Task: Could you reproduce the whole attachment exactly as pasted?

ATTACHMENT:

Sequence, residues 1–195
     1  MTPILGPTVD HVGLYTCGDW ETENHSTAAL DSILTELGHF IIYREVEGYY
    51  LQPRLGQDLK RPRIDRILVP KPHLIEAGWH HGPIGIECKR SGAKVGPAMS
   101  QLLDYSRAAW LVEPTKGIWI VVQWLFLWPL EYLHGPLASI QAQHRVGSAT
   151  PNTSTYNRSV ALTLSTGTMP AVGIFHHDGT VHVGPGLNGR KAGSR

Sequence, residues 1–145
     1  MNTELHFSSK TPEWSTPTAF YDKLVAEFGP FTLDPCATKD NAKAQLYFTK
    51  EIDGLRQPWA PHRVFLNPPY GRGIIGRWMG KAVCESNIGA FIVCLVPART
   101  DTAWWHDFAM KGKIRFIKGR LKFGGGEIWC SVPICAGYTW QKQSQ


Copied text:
Sequence, residues 1–195
     1  MTPILGPTVD HVGLYTCGDW ETENHSTAAL DSILTELGHF IIYREVEGYY
    51  LQPRLGQDLK RPRIDRILVP KPHLIEAGWH HGPIGIECKR SGAKVGPAMS
   101  QLLDYSRAAW LVEPTKGIWI VVQWLFLWPL EYLHGPLASI QAQHRVGSAT
   151  PNTSTYNRSV ALTLSTGTMP AVGIFHHDGT VHVGPGLNGR KAGSR

Sequence, residues 1–145
     1  MNTELHFSSK TPEWSTPTAF YDKLVAEFGP FTLDPCATKD NAKAQLYFTK
    51  EIDGLRQPWA PHRVFLNPPY GRGIIGRWMG KAVCESNIGA FIVCLVPART
   101  DTAWWHDFAM KGKIRFIKGR LKFGGGEIWC SVPICAGYTW QKQSQ